As Congress returns to Washington, D.C., this week, nonprofit aging services leaders are reminding legislators that federal financial support for older adults remains elusive but critical.

LeadingAge President and CEO Katie Smith Sloan was joined at a Wednesday press conference by aging services leaders from Arizona, Iowa, Oklahoma and Texas to share concerns related to testing, personal protective equipment and workforce shortages.

Sloan said the administration’s “abysmal” response to the COVID-19 public health crisis has failed older adults and the providers that care for them. Senior living and other providers continue to struggle with securing testing, personal protection equipment, staffing and other lifesaving necessities, paying enormous out-of-pocket costs to fill the gaps, she said. This path is unsustainable without a new federal lifeline, Sloan added.

“Providers are sidetracked and confused by the maze of shifting regulations, inconsistent guidance and disjointed programs,” Sloan said. “As we head into flu season, the pandemic is poised to grow more deadly. Without a comprehensive and reliable national plan, older adults cannot escape the pandemic’s ravaging and growing danger.”

Sloan conceded that the administration has taken “a few welcome steps” to deliver relief to providers, but said it’s a small fraction of what is needed and that the resources provided “virtually ignore” older adults in assisted living and seniors housing. Care providers, she said, are skeptical of the “token gestures” as new initiatives roll out from the federal government, including recent announcements regarding the delivery of rapid-results antigen tests to both assisted living communities and nursing homes.

“No COVID-19 relief bill should pass without historical levels of support and resources specifically targeted to aging services providers caring for older Americans,” Sloan said.

LeadingAge Oklahoma President and CEO Mary Brinkley said providers are spending more in one month on PPE than they spent in an entire year pre-COVID-19. And ongoing costs for testing staff and residents are leaving many providers concerned about their financial viability, she said.

“Any provider can find themselves facing a crisis situation at any time,” Brinkley said. 

Julie Thorson, president and CEO of Friendship Haven, a life plan community in Fort Dodge, IA, said that based on positivity rates, her community must test all employees twice a week. One test kit costs $33, but as those supplies become difficult to find, long-term care facilities are forced to work with outside labs that charge $100 per test to meet testing requirements, Thorson said. Those costs are in addition to the weekly testing costs for residents, she said.

COVID-19 has changed the way long-term care operates, Thorson said. Workforce challenges that were a critical issue pre-COVID-19 have escalated to a crisis level. Provider relief funds resulted in short-term pay bumps to frontline staff, but operators also are redirecting direct care workers to screening and visitation monitoring positions as they comply with local, state and federal requirements.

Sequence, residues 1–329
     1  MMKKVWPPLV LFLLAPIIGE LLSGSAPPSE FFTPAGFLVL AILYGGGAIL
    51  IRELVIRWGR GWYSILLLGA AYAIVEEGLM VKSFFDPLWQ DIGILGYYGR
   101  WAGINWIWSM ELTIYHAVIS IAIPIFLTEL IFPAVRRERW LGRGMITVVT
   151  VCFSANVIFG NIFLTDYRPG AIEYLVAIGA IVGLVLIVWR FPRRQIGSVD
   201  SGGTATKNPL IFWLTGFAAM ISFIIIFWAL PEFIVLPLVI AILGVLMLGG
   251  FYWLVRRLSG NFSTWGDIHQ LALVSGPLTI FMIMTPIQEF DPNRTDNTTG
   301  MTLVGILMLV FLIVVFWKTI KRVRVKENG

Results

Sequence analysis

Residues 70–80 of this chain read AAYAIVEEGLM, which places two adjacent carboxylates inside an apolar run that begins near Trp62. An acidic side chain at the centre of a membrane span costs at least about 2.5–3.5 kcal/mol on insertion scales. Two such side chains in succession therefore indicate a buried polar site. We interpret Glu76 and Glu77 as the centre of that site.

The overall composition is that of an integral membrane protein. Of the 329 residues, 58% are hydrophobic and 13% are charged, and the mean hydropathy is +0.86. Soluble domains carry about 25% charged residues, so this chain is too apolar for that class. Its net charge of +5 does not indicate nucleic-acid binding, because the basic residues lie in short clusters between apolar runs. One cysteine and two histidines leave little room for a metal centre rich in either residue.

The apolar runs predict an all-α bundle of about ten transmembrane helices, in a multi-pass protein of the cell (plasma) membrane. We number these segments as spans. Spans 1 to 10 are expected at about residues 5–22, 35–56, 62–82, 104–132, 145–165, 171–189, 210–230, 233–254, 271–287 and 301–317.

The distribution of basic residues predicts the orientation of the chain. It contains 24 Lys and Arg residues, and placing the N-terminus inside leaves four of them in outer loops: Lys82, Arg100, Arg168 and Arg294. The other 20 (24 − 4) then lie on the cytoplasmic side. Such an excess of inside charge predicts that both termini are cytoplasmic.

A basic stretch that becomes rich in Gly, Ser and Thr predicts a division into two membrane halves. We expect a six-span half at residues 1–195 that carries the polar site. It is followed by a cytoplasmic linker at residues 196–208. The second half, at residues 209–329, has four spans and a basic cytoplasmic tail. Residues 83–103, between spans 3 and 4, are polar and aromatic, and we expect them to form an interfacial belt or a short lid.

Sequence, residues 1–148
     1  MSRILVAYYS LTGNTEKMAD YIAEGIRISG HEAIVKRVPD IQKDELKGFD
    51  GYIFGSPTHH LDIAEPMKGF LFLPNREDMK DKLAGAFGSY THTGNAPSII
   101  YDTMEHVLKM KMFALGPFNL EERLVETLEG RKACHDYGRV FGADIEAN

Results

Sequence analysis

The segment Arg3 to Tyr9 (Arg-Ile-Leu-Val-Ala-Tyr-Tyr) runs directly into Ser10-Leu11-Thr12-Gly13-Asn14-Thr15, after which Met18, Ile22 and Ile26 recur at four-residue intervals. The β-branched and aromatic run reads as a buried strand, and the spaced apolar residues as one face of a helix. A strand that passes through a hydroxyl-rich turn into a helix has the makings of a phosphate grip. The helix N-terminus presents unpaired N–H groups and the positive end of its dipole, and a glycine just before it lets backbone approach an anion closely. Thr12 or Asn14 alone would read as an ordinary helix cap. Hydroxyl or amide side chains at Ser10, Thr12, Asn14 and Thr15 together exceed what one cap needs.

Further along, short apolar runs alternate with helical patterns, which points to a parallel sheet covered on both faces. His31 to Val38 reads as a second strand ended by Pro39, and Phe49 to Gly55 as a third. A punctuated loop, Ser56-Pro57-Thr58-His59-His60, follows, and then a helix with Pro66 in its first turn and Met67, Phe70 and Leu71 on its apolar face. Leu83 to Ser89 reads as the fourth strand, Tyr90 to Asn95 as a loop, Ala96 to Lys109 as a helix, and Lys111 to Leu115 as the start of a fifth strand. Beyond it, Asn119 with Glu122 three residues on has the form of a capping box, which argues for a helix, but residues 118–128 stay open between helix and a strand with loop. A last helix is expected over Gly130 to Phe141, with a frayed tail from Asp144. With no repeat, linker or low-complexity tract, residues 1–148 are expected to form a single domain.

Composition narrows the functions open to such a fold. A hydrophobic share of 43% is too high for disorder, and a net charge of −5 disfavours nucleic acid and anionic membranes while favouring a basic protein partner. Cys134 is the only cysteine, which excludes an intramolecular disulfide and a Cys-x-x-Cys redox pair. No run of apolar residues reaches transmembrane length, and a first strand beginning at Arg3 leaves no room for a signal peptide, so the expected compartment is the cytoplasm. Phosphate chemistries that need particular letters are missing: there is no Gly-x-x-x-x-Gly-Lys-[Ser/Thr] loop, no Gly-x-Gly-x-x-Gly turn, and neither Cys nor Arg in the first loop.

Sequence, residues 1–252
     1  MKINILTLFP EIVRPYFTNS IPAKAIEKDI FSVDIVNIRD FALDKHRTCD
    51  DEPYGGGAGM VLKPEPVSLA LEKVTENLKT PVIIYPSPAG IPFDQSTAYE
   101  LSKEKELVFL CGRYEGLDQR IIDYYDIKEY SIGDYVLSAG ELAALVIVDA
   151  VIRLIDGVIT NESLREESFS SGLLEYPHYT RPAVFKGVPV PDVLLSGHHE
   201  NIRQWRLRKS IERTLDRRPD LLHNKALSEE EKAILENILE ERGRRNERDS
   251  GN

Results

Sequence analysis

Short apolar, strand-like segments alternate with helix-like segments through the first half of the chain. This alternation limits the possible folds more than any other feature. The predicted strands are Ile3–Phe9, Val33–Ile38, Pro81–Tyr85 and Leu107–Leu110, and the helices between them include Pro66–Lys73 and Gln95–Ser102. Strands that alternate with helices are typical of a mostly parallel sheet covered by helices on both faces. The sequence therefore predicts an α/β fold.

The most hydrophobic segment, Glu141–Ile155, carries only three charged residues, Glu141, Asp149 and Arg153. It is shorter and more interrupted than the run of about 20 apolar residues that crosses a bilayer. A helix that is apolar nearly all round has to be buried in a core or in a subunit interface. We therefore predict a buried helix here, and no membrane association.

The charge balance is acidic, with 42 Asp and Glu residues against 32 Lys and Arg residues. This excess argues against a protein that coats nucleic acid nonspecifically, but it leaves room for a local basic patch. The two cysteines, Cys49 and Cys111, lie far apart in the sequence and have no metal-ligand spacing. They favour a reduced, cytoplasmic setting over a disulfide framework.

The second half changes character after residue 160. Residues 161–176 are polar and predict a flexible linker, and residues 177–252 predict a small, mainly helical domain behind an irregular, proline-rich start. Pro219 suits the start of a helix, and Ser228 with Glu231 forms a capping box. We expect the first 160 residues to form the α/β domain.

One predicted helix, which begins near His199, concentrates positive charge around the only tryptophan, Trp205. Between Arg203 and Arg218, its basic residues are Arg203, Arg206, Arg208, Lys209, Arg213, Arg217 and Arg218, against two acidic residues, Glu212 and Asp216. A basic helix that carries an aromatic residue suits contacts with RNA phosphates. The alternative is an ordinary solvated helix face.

Patrick Crump, president and CEO of Morningside Ministries, a faith-based not-for-profit senior living provider based in San Antonio, TX, said he has struggled with conflicting state and federal directives and testing confusion, which places an “extra burden on staff already stressed out and trying to cope with day-to-day challenges.”

“We are trying to figure out how to continue the services we’ve been providing since the early 1960s, but we cannot do it and sustain the ministry of our organization without additional funding support,” Crump said.

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In other coronavirus-related news:

  • The Empire State Association of Assisted Living is encouraging assisted living community family members and friends to contact the New York State Department of Health to relax restrictions on visitation in communities. The move comes after the organization said there has been “no progress” on reopening hair salons and making family visitation more workable in assisted living communities.
  • The White House Coronavirus Task Force recently released a weekly report to governors about the current state of the coronavirus pandemic, encouraging Missouri to ensure that all assisted living communities located in college towns have full testing capacity with access to rapid tests so staff can be aggressively tested weekly to prevent spread of the virus from students to residents through staff. The report also encouraged  the use of social distancing and face masks, and isolating all COVID-positive residents and staff members.
  • The San Francisco Public Health Department issued a new order effective Sept. 5 allowing residential care facilities for the elderly, adult residential facilities and residential facilities for the chronically ill flexibility to allow outdoor, vehicle-based and window visits. Visitation requirements include visitor screenings, physical distancing, face masks, appointments, restrictions on length of visits and number of visitors, and the prohibition of direct exchange of visits. The agency also updated FAQs on in-person visits, communal dining and resident activities for residential care facilities. 
  • A Morganton, NC, continuing care retirement community is getting creative keeping people safe while they exercise. Grace Ridge Retirement Community sends seniors to their balconies for workouts. Balcony and hallways exercises are used to offer strength and flexibility training for seniors during the pandemic.